"f+ g" is defined by "f+ g(x)= f(x)+ g(x)". In order that f+ g (x) exist, f(x) and g(x) must both exist (even if adding algebraically appears to eliminate a "division by 0").
That means that the domain of f+ g is the intersection of the domains of f and g. The domain of f(x)= 8/(x- 9) (which is NOT what you wrote but must be what you meant since the domain of 8/x- 9 is "all real numbers except 0") is "all real numbers except 9" and the domain of g(x)= 14/(x+ 3) is "all real numbers except -3". The domain of f+ g is "all real numbers except 9 and -3". In interval notation, that would be .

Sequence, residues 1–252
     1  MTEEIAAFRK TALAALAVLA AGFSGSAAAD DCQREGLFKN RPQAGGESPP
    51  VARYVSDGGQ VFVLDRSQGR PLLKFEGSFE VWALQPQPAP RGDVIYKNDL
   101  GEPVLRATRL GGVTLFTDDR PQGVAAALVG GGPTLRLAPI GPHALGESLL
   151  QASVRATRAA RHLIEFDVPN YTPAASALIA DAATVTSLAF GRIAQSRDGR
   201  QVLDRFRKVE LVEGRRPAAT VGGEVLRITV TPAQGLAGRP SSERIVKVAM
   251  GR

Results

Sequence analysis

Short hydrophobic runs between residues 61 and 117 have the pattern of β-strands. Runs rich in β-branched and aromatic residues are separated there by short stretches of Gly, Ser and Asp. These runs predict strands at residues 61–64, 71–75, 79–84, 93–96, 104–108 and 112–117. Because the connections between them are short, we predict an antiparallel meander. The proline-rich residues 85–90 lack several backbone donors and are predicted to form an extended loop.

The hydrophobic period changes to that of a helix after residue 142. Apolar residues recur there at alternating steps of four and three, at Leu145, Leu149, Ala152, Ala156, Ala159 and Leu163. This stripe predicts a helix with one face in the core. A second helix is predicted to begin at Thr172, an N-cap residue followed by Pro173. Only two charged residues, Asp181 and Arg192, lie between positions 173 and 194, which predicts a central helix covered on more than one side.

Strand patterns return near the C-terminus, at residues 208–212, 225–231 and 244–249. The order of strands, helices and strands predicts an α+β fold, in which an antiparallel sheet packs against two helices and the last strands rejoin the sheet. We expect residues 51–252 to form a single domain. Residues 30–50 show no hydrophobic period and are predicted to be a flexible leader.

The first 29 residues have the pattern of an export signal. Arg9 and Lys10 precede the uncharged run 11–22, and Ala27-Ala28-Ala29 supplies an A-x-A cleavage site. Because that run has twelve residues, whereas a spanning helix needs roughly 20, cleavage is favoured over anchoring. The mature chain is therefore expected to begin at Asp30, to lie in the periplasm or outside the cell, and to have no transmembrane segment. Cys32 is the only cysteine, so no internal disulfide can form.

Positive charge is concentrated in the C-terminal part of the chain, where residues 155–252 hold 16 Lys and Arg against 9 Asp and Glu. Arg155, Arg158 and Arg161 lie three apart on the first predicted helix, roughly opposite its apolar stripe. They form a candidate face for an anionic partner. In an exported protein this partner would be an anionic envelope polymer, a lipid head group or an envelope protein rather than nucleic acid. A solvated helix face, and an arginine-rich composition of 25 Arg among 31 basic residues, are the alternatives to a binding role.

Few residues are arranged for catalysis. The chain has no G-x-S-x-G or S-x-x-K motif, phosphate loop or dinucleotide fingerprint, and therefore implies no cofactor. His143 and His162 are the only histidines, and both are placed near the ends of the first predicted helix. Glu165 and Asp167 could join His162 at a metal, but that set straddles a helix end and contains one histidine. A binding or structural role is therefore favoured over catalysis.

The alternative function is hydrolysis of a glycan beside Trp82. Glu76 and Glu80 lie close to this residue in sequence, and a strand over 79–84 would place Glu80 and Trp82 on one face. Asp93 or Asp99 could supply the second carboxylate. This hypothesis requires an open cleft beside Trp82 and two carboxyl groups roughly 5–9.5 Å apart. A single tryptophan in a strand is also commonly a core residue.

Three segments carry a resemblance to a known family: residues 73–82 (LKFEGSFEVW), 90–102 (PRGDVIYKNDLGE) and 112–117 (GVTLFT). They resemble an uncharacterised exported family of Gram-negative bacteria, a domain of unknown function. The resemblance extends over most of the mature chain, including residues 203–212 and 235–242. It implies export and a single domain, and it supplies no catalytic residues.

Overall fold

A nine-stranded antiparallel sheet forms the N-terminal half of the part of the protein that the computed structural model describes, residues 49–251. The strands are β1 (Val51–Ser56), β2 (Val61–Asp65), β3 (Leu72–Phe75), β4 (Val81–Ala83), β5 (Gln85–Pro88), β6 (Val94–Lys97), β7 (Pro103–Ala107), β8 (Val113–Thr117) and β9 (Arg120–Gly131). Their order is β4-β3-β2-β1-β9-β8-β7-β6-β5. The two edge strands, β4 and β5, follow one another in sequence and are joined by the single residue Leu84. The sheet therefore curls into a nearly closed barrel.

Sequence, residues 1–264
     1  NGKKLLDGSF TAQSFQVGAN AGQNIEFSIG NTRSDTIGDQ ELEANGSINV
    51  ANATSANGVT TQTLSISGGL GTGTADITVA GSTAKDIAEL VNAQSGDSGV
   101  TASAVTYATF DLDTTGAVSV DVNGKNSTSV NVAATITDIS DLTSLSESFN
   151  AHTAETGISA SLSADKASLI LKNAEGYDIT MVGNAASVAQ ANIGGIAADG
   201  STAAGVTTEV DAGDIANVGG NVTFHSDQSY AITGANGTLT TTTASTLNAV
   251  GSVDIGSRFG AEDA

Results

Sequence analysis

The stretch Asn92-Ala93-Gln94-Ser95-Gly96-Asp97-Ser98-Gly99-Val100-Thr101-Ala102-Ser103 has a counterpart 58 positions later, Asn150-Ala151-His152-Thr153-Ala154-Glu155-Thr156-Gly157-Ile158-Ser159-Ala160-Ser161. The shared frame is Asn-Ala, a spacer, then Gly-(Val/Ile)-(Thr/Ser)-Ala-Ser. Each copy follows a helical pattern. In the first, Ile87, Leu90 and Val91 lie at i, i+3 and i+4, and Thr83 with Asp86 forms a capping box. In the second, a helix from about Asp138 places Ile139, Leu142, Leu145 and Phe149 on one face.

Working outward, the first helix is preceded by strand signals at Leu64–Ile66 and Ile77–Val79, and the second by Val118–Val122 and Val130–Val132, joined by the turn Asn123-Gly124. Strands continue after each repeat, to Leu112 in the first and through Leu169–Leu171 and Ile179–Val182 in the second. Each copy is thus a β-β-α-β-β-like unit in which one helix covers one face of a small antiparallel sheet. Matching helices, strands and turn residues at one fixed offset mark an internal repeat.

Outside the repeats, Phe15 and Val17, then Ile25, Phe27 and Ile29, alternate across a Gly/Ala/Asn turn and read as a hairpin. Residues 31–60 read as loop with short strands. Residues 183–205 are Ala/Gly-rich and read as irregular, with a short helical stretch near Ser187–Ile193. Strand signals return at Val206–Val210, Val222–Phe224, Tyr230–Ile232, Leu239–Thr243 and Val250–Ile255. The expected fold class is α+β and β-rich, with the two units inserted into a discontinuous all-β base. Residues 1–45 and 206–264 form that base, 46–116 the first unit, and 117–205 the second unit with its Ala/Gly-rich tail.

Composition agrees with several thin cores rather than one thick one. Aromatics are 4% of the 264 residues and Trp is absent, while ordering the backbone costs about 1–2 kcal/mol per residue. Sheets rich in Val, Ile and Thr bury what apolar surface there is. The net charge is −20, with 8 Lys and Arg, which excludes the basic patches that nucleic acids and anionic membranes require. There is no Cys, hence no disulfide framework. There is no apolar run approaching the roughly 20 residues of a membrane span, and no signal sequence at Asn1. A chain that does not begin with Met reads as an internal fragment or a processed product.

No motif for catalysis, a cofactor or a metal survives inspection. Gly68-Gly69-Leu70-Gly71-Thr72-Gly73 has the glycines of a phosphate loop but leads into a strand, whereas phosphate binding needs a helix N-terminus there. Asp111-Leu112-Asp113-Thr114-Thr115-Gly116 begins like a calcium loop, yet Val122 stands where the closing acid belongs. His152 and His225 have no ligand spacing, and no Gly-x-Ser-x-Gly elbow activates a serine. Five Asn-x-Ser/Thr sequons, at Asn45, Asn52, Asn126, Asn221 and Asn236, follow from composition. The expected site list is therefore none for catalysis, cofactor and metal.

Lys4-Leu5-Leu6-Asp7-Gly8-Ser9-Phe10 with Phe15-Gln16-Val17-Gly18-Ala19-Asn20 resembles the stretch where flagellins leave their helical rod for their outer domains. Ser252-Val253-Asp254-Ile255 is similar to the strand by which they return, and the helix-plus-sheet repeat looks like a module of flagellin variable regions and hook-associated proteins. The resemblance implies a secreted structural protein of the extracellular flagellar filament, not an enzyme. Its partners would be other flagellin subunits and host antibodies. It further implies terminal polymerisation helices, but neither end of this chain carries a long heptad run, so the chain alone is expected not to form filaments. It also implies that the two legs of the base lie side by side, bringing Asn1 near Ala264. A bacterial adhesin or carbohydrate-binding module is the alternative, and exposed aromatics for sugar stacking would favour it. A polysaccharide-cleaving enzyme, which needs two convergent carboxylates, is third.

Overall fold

For f/g, both f and g must exist and g(x) must not be 0. Since 14/(x+ 3) is never 0 (a fraction is equal to 0 if and only if its numerator is 0), the domain of f/g is exactly the same as f+ g.